Europe is stagnating and global demand remains inadequate
The prospect of higher interest rates remains the bête noire of financial markets, judging by their recent performance. Weak growth and low inflation data have spurred strong stock and bond market gains, more than offsetting July’s sell-off. Rather than worrying about sharply higher rates, though, investors should focus on the risk of a flatlining global economy.
The state of the global economy resembles nothing so much as a soufflé on the brink of implosion. While the production side of the US economy appears robust, the same cannot be said for the rest of the world. The US consumer remains quiescent, dramatic increases in Asian debt levels preclude a robust economic recovery there, while Europe stagnates. Global demand remains inadequate.
The US Federal Reserve clearly wants to exit quantitative easing. Politically, it fears being caught in the cross hairs of the upcoming presidential campaign. Economically, the Fed worries that, should the economy show real dynamism, it could come under immense pressure to sharply raise rates, risking a policy mistake.The world lacks an economic locomotive; at best one can ask whether the US economy is strong enough to keep the global growth soufflé aloft. Recent UK experience may be instructive here. Surprise UKeconomic growth led quickly to higher interest rates and a stronger pound, resulting in weakening exports and a rapidly cooling housing market. These natural growth governors – high relative rates and a strong currency – are now becoming visible in the US.
Properly executed, the end of QE and the beginning of rate normalisation could benefit all parties. The Fed could reduce threats to its political independence, begin to build a rate cushion against the flatline risk and assist Europe andJapan via likely US dollar appreciation. Will investors be discerning enough to distinguish between good, patiently implemented, front-end rate hikes and bad, sudden, long-end rate backups?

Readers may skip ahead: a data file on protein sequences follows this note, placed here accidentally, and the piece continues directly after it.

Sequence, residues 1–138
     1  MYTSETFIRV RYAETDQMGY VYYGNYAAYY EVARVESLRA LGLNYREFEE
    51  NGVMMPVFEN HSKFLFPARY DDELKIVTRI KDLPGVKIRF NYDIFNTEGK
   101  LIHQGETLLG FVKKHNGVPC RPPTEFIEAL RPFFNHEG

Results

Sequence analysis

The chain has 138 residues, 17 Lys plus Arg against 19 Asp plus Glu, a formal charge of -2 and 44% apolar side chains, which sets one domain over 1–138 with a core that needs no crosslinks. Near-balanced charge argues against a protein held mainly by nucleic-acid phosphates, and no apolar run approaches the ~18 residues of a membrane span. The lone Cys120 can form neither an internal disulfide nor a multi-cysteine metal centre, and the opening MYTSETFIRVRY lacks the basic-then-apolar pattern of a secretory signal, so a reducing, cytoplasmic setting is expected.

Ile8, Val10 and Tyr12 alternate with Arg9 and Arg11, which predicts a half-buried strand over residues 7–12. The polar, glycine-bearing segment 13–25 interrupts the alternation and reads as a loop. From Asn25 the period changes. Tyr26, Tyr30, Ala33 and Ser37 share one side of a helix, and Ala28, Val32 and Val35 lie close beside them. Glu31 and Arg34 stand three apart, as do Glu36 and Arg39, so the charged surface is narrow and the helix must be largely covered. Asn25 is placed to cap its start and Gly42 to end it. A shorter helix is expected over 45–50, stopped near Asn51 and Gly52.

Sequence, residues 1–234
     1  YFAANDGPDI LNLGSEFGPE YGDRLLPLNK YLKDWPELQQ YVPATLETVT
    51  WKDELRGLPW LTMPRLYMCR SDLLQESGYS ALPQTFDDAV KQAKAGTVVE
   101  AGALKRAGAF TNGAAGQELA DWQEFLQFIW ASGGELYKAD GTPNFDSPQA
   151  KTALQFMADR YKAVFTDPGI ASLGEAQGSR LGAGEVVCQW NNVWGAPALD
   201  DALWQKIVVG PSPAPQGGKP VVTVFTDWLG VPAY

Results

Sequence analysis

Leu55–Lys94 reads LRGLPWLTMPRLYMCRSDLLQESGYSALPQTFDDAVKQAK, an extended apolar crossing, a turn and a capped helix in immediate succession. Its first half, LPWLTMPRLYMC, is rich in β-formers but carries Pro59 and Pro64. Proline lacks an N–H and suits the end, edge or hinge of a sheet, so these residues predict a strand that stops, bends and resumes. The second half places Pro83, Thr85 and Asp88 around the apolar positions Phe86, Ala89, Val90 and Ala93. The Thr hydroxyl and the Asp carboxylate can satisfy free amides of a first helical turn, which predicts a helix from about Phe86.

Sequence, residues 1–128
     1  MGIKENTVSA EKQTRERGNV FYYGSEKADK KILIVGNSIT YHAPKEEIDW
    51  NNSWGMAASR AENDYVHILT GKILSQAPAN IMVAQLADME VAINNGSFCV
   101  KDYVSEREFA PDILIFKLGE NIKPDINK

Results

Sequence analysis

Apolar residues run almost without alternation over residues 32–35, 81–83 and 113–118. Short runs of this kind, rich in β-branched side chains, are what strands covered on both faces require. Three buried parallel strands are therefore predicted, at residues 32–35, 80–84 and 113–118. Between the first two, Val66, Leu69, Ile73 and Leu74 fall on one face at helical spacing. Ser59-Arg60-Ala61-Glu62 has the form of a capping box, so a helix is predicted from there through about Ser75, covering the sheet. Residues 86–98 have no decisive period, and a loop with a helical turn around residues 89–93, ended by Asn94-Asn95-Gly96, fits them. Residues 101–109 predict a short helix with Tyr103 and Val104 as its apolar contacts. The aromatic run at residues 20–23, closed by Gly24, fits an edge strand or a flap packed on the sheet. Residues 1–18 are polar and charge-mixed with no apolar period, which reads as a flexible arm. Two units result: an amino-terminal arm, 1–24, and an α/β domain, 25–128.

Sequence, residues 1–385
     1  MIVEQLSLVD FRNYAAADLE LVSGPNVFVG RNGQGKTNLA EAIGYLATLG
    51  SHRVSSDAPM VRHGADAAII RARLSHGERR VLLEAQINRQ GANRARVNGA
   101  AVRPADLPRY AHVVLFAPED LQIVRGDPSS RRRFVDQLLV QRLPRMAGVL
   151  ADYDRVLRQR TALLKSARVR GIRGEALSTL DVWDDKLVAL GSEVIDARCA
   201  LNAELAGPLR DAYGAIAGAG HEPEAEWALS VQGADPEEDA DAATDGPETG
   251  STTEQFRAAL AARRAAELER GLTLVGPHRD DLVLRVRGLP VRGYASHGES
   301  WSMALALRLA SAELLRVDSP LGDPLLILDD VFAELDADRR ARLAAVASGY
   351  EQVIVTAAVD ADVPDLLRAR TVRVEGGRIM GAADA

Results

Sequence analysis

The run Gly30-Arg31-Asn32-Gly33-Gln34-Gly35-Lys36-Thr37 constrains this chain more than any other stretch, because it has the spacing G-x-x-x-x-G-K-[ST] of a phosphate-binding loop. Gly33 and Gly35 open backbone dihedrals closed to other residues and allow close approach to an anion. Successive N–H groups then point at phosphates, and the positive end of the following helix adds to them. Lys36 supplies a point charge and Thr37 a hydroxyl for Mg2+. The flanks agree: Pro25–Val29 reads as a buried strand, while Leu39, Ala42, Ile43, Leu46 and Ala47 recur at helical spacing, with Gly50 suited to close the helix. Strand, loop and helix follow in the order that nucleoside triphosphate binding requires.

Of course, it is not only about the Fed. The Bank of England would like to begin to normalise its rate structure. The Bank of Japan is likely to do more QE, not less.
In Europe, both European Central Bank president Mario Draghi and German finance minister Wolfgang Schäuble are pressing the political class to assist monetary authorities in generating an economic recovery. What are the possible catalysts for a global economic descent into flatline territory?
A US recession is one, either from old age (the recovery is already more than five years old), offshore weakness or an overly aggressive Fed. Another could be European recession and deflation, assisted by continued disputes betweenRussia and Ukraine. Finally, there is the potential for an oil price spike; while not readily apparent it would deal a crushing blow to a weak global growth outlook.
Europe is most worrying. For Europe to work the financial sector has to right-size itself. The good news is that the sector has been busy on both the distressed debt/deleveraging and debt/capital raising sides. Credit conditions are easing as bank funding costs have declined by close to 80 per cent since 2011 peaks, while year to date debt issuance is 70 per cent ahead of last year’s levels.
Now it is the ECB’s turn to take centre stage, first via its targeted longer-term refinancing programme rollout this month, followed by the asset quality review results in October. The recent unexpected rate cuts and the announcement of the plan to purchase asset-backed securities are steps in the right direction. One can expect QE to follow. Germany’s sudden growth collapse is a game changer, making it politically palatable for Chancellor Angela Merkel to support QE given that its likely outcome of a weak euro will be positive for German exports. Europe already runs a trade surplus, so while ECB QE is likely to be positive for European financial assets, on its own it will have limited effect on the issue of insufficient global demand.
Investors should prepare for a stronger US dollar by hedging European and Japanese currency exposure. The formula “weak economic growth = low financial asset volatility = spread trades” remains a key mantra. Investors want but are unlikely to get continued QE around the world, but they are likely to invest in a “lower for longer” global growth economy that supports risk assets.
As the Rolling Stones once sang: “You can’t always get what you want, but if you try sometimes, you just might find, you get what you need”.
This article originally appeared in the Financial Times on September 17, 2014.